in pursuit of making SDKs suck less

17 Mar 2015

This is a follow-up from a previous post on SDKs being crap. My points in that post still stand for the most part, because, well, most SDKs suck. But being in the business of designing and building APIs, I can’t escape them, and soon I’ll have to be building and maintaining them at notion. In other words, for me, the question is no longer why do I have to keep using SDKs that suck,1 but how do I make them not suck?

My main gripes with SDKs are that they tend to be incomplete (e.g. I end up having to just make an HTTP request because the SDK doesn’t provide a method to wrap that request), poorly documented, or just one more layer adding complexity between me and an API.2 Also, from the point of view of the provider (a start-up provider at that), each SDK is one more library to maintain - and who’s got time for that? I would love to spend half my time writing articles and documentation to help educate developers on how to interact directly and easily with an API using HTTP, but ultimately, if I want to make things easier for devs (who also don’t have much time), sure, education is part of that,3 but so is giving them the tools to do amazing things faster and more reliably.4

So how can I make an SDK that helps more than hurts?5 How do I make an SDK that not only makes my API more accessible, but more manageable? Can an SDK enrich the experience of using an API?

The number one thing first and foremost must be maintainability.6 This is a really loaded word here. It means that I as the provider should not have to exert a ton of effort to fix bugs, keep it up to date with API patches or different versions, etc. It also means that client devs shouldn’t have to put in a load of work just to use it (or figure out how to use it) or debug problems. Practically, and perhaps somewhat obviously, this means making sure your SDKs are open-sourced7, well-documented, and really not more complex than a simple wrapper around your API.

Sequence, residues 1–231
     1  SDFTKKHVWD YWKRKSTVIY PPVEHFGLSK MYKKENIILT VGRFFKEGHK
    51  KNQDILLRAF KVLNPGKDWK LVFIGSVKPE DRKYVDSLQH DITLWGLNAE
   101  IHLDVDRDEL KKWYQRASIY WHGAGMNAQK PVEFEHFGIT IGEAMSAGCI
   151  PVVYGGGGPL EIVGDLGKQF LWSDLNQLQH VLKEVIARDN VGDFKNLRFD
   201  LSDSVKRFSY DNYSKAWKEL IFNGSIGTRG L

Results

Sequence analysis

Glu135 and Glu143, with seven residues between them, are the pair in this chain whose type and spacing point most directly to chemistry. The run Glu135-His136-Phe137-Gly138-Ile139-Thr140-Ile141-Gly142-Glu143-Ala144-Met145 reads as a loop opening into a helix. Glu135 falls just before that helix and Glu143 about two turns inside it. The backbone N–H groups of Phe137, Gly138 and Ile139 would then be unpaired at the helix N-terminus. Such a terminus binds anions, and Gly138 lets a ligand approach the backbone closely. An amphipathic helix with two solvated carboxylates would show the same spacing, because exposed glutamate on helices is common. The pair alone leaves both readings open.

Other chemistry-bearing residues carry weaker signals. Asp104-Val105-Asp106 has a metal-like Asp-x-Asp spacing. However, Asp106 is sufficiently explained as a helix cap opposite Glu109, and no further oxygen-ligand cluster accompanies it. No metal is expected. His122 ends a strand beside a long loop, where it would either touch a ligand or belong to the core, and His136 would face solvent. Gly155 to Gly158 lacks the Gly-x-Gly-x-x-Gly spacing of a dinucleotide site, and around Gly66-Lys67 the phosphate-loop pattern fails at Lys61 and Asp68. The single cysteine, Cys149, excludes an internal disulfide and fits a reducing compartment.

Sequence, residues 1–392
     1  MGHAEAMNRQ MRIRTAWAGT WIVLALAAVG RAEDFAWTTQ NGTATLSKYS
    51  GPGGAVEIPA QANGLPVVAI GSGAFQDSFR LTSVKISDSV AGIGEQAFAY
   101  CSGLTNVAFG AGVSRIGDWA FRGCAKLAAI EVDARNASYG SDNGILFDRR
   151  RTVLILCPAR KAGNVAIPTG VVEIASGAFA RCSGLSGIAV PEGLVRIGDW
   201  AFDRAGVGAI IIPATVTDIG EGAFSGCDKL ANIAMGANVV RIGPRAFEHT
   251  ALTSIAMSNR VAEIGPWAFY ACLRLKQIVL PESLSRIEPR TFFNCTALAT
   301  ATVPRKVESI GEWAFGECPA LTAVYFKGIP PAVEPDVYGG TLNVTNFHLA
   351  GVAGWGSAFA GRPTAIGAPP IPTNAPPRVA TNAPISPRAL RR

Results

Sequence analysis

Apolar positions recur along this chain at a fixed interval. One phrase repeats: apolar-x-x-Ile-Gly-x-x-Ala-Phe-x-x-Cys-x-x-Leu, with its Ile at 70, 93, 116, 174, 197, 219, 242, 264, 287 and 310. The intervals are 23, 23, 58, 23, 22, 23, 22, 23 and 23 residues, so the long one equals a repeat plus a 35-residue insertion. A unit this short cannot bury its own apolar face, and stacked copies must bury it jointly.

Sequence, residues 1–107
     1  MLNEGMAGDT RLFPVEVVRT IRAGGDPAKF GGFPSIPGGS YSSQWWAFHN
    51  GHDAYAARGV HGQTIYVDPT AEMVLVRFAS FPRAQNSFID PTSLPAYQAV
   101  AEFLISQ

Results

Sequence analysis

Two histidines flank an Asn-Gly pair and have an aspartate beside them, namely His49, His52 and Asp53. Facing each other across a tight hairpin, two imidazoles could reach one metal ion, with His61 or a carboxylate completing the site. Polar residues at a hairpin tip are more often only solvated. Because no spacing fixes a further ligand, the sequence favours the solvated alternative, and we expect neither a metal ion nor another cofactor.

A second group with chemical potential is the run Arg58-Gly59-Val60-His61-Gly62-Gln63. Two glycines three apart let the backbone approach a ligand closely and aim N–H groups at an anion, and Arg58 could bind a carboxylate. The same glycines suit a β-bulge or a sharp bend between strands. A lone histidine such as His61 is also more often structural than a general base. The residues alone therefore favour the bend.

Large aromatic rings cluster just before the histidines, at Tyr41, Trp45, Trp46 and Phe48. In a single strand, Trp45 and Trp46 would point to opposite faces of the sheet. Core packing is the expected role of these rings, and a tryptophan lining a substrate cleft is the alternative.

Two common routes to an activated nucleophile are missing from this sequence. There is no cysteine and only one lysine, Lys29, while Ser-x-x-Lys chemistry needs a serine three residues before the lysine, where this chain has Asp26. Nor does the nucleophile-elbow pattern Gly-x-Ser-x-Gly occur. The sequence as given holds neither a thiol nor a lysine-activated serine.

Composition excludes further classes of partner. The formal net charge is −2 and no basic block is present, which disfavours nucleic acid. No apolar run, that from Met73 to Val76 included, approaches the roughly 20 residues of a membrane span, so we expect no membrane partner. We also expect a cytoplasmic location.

But what I’m really excited about is the potential of SDKs to help consumers with exploiting hypermedia to explore and keep up with changes in the API. Until hypermedia evolves and starts to see more adoption by client developers, SDKs offer a great opportunity to leverage hypermedia and get hypermedia into the mainstream, while increasing maintainability. Maintainability, because the SDK can expose the API and its resources through the links given in responses or through the API spec (following apis.json or json.schema) so the provider as to do less hard-coding, but also because of awesome developments in the ability to generate hypermedia clients directly from your API documentation spec – meaning all you have to do is keep up with your documentation.8

I’ll be working on implementing some hypermedia SDKs in the near future and writing about my failures and successes, but in the meantime, check out these cool projects and resources:

1 Not that I've used SDKs since I wrote that post, mind you.
2 See further discussion here.
3 Not to mention witty and utterly convincing blog posts by yours truly.
4 What? You mean I'm building software for other people?
5 Read: helps way more. Actually, read: helps and doesn't hurt at all.
6 Can you tell I'm trying to avoid explicitly writing a numbered list? Is it working? If you think so, tweet @switzerly to give me mad props; otherwise, you can keep your thoughts to yourself.
7 So I can offload all the bug-fixing and README-ing to other people.
8 And, of course, documentation should be at the top of your priorities anyway.

Slán go fóill,
Shelby at 06:50